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CHICAGO WINE JOURNAL: Aged Burgundian glory from three négociants

Submitted by on Jun 10, 2015 – 12:08 am

By Lawrence B. Johnson

By chance or perhaps my natural gravitation, I just completed a sort of hat trick – meal accompaniments from three of my favorite Burgundy producers, all of whom fall into the somewhat misunderstood category of négociants.

Drouhin 1The term refers to producers who purchase as at least some of their grapes from vineyards they do not own. Though it is an old business tradition among some Burgundian wine companies, I’ve always had the impression that many enthusiasts regard the tag “négociant” as if it were an asterisk indicating that wines from the marked producer were somehow suspect – not purely evolved from domain vineyard to labeled bottle. This is simply a wrong-headed view of the concept. Some of the most highly regarded winemakers in Burgundy direct operations at négociant houses that have given me great pleasure for as long as I’ve been collecting wine: Joseph Drouhin, Maison Louis Jadot and Domaine Faiveley. 

And while Burgundy prices have shot up across the board, I continue to find good values from all three. They also all produce a wide range of wines, from inexpensive village bottlings to top-flight grand cru.

Typical of Burgundian négociants, Drouhin, Jadot and Faiveley all own vineyards in the Côte-d’Or, the region’s prized heartland. Moreover, as eminent négociants of long standing, these three are likely to have considerable influence over management of other vineyards from which they acquire their grapes. But the proof is in the bottles, and lately I’ve pulled the cork on some beauties. These are older wines, available mainly at auction, if at all. But in each case I have noted the typical price for the current vintage.

Joseph Drouhin, headquartered in Beaune, made big news in the U.S. back in 1987 when it purchased property in Oregon’s Willamette Valley to produce Burgundian-style Pinot Noir. That venture, directed from the start by Véronique Drouhin, has become an American source of Pinot Noir strikingly similar in style to the parent company’s elegant, light-bodied but deeply flavorful wines.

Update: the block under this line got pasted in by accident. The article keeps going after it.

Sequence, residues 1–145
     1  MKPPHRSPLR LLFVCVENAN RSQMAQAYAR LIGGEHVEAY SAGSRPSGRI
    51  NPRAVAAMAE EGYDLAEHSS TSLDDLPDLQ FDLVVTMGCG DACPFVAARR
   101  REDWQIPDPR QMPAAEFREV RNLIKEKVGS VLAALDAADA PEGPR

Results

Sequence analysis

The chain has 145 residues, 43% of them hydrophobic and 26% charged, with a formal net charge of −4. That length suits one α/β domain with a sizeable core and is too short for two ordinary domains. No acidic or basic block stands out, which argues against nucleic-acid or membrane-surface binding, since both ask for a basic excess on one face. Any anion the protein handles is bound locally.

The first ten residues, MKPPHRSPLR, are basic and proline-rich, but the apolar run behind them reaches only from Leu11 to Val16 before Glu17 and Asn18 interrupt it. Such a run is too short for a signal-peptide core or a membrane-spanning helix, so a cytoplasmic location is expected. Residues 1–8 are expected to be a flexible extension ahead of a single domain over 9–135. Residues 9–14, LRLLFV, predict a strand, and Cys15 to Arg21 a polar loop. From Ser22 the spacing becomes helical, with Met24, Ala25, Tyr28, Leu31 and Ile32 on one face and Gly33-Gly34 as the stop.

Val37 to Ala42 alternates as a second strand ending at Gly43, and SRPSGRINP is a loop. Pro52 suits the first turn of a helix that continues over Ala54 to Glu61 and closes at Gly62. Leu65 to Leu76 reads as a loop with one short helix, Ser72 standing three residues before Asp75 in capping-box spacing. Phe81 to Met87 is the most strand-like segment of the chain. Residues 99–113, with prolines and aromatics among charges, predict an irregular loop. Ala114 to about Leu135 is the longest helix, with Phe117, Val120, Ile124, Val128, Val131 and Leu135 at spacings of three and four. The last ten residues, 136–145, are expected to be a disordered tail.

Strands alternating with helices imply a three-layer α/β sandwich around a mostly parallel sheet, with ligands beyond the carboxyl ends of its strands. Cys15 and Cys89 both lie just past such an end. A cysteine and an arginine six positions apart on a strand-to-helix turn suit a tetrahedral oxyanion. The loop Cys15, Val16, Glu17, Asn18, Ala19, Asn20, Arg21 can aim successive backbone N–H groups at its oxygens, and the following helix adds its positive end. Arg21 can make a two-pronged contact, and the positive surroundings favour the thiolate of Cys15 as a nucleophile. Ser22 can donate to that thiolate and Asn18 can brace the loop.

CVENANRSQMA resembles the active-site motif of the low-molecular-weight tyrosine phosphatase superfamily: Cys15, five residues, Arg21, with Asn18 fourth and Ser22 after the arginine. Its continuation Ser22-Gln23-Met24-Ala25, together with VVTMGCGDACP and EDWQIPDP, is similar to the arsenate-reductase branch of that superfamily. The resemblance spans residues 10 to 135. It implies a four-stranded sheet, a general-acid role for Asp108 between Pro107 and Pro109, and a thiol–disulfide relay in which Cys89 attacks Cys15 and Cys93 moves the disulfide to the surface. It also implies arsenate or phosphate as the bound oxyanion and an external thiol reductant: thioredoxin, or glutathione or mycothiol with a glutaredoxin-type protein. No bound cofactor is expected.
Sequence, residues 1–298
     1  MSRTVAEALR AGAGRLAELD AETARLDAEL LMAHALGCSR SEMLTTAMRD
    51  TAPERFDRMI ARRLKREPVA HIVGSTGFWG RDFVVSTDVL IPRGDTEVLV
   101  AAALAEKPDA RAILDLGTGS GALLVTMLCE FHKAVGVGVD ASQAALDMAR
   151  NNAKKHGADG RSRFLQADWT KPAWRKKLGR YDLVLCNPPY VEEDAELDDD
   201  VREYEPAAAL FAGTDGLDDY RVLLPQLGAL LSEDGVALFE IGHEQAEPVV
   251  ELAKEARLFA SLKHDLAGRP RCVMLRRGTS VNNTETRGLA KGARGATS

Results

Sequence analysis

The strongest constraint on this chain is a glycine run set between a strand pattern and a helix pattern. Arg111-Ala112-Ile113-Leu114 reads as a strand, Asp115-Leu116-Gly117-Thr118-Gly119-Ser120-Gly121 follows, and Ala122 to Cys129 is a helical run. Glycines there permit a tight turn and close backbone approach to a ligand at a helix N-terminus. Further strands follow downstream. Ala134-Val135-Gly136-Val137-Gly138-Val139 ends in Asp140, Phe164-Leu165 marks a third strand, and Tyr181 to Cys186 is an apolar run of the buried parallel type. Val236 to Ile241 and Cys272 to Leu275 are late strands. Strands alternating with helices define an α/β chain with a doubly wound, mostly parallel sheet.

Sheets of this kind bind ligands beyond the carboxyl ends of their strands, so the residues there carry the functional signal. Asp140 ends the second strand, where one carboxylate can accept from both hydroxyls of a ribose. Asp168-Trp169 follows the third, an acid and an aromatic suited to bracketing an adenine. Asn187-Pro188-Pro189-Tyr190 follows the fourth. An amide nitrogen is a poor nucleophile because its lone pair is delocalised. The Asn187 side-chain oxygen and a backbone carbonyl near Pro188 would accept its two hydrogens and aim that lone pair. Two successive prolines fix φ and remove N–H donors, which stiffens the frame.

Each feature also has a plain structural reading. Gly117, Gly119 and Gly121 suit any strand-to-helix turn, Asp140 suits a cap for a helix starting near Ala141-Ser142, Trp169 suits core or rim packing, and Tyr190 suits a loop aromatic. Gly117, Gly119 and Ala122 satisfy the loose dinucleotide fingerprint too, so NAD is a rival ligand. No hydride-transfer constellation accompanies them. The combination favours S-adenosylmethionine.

If there’s a defining Drouhin red from the Burgundian homeland, it is the premier cru Beaune Clos des Mouches, an old favorite at our table and the wine that launched my recent négociant cycle. It was a 1995 Clos des Mouches, a 20-year-old bottle that still showed vibrant freshness and the stunningly focused cherry core that marks this wine in any vintage. The word mouches, French for flies, is – or anyway once was – local dialect for bees, which can be seen buzzing about the label. The Drouhin Beaune Clos des Mouches 2013 sells for about $89.

Jadot 2Louis Jadot, also located in Beaune, may be Burgundy’s most diverse producer, a maker of superb wines great and modest from up and down the region’s appellations. Until recently, Jadot’s master winemaker was the affable Jacques Lardière, whose short-lived retirement ended recently when Jadot followed Drouhin into Oregon and induced Lardière to apply his touch to that project.

A steady stream of Jadot Burgundy, both red and white, compliments meals in our home. But the most recent was about as good as it gets: Montrachet, that monument to all that Chardonnay can be, the super-delicious pinnacle of Burgundian white wine. We only drink the stuff once a year, for a birthday (not mine!), and this time it was the 1995: a deep, lustrous golden-hued wine rich with honey, butter and melon. It does take the edge off getting older. The Maison Louis Jadot Montrachet 2013 sells for about $450.

Faiveley 2Domaine Faiveley, which operates out of Nuits-Saint-Georges, is better known for its reds than its whites. In fact, I don’t recall ever drinking a Faiveley Chardonnay. But my cellar holds a wide assortment of Faiveley (pronounced Fev-lay) grand cru Pinot Noir, including bottles from the domaine’s wholly owned monopole in Corton with the very private moniker of Corton Clos de Corton Faiveley. There’s no doubting who owns those vines.

But the wine that capped my négociant swing was a different grand cru, from a bit farther north: the 1988 Clos de Vougeot, one of the oldest Burgundy reds remaining in my cellar. In its aged grace and finesse, this wine reminded me of another Faiveley jewel, and another grand cru, the 1985 Charmes Chambertin, the last bottle of which, alas, we polished off many years ago. Such is Pinot Noir in its patrician glory. The Domaine Faiveley Clos de Vougeot 2013 sells for about $153.

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